Plant-based meat sold in Australian supermarkets healthier than real meat but may lack key nutrients | Food
Plant-based meat alternatives in Australian supermarkets are generally healthier than meat products but may lack important nutrients found in real meat, new research suggests.
An analysis of 790 meat and plant-based products found in major Australian retailers has found that plant-based alternatives had a “healthier nutritional profile” overall, but some were higher in sugar.
Of 132 plant-based products studied, only 12.1% were fortified with iron, vitamin B12 and zinc – important micronutrients that are found in meat.
The researchers analysed the nutritional value of meat products such as burgers, sausages, mince, bacon and poultry. They compared them against plant-based equivalents, assessing factors including health star rating, saturated fat, sodium and the extent to which the food had been processed.
Maria Shahid, a data analyst at the George Institute for Global Health and the study’s co-lead author, said plant-based alternatives contained similar amounts of protein as meat products.
Plant-based meat alternatives are commonly made from vegetable proteins such as wheat, soy and pea proteins.
“But vitamin B12, iron and zinc we typically get from meats. We also can get them from traditional sources of plant protein … things like tofu, falafels, beans and legumes,” Shahid said.
“If you are somebody who is entirely substituting out meat products for plant-based alternatives, and you’re not eating a well-balanced diet where you’re eating a lot of other fruits and veg, and perhaps you’re not taking supplementation, then potentially you’re at risk of micronutrient deficiencies.”
The analysis also found that plant-based products generally had a greater total sugar content, but Shahid noted that the absolute amounts were not high, at around 1g sugar per 100g.
Most plant-based products were ultra-processed, but on average had less saturated fat and sodium, as well as more fibre than meat products, the research found.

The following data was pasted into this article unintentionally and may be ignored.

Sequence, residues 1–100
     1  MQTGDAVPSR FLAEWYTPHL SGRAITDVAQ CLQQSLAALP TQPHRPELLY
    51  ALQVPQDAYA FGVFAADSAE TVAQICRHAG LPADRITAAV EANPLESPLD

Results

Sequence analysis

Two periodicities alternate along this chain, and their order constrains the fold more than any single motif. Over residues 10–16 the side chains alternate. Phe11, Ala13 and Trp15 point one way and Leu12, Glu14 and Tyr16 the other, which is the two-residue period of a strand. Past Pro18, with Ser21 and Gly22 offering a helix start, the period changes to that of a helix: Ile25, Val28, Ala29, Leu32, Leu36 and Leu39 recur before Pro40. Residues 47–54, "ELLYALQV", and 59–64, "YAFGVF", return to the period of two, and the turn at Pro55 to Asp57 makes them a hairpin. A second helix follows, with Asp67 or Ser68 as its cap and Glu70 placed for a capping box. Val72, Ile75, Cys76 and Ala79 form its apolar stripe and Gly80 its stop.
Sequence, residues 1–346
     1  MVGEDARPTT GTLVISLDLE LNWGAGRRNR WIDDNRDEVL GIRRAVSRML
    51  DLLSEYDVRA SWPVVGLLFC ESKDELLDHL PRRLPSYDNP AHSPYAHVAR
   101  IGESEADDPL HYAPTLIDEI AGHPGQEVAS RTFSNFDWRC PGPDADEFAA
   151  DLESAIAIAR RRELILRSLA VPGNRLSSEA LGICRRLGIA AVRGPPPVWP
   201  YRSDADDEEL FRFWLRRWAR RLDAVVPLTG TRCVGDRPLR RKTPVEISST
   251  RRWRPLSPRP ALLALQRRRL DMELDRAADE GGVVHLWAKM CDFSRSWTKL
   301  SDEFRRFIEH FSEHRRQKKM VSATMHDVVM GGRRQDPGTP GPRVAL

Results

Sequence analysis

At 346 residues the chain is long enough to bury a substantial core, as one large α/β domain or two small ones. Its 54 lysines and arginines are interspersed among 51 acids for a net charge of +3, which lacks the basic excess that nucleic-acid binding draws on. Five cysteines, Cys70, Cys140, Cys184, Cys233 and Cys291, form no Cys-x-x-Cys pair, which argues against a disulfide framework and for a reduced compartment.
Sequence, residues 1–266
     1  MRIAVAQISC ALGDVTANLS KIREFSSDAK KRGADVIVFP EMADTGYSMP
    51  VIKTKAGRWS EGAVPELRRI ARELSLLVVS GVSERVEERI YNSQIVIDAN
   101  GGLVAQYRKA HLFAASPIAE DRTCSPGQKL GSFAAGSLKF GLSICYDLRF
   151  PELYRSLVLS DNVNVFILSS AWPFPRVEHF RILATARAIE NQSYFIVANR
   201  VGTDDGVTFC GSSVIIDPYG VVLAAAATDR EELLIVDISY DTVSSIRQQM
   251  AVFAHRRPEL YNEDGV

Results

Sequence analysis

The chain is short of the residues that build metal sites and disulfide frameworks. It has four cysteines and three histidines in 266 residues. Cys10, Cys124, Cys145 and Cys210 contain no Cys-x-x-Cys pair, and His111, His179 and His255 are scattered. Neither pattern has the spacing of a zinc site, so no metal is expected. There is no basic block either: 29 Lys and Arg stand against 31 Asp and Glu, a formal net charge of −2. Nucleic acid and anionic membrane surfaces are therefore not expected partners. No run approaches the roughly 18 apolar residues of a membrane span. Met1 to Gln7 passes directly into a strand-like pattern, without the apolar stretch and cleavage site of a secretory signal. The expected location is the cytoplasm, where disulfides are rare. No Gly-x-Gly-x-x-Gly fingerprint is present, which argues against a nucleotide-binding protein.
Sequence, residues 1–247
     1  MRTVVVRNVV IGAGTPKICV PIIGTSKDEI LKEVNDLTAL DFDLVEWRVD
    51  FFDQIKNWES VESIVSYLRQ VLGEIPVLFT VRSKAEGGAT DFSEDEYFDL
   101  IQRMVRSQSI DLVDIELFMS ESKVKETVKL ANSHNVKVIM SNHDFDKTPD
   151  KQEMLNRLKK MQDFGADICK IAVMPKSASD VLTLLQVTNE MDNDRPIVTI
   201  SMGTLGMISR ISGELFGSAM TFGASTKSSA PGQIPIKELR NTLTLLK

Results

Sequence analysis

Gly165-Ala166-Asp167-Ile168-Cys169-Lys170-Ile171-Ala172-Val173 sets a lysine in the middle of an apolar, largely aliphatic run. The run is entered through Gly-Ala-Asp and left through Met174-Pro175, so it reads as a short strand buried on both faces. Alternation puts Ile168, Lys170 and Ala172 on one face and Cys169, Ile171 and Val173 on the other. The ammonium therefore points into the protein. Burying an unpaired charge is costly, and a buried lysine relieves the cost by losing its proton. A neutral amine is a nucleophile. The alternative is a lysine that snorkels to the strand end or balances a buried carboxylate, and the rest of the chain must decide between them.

Dr Jessica Danaher, a nutrition scientist at RMIT University who was not involved in the study, said the research only reported the presence and extent of fortification in plant-based products.
That is, it did not look at the micronutrients that exist naturally in food products – information that manufacturers are not legally required to include on food packaging.
“Mandatory fortification in Australia occurs in response to a significant public health need and involves food manufacturers being required to add certain vitamins or minerals to a specified food or foods,” Danaher said.
“For example, manufacturers must add vitamin D to edible oil spreads like margarine, and thiamin and folic acid to wheat flour used for making bread.
“Plant-based meat analogues made using beans, legumes, tofu and vegetable-based ingredients would likely already naturally contain important micronutrients – including iron and zinc – albeit in smaller quantities compared to animal-origin meats.”
Vitamin B12 can also be found in fortified breakfast cereals, fortified nutritional yeasts and fortified soy or almond milk, Danaher added.
Thomas King, the chief executive of thinktank Food Frontier, said the number of plant-based meat products available to consumers had doubled since the study data was collected, in 2021.
“Meat reducers, or ‘flexitarians’, are the primary consumer group buying plant-based meat alternatives,” King said. “These are people who wish to reduce their meat consumption or diversify their dietary protein, and are therefore likely to also be obtaining key micronutrients from other – animal and/or plant – sources.”
The study was published in the journal Nutrition & Dietetics.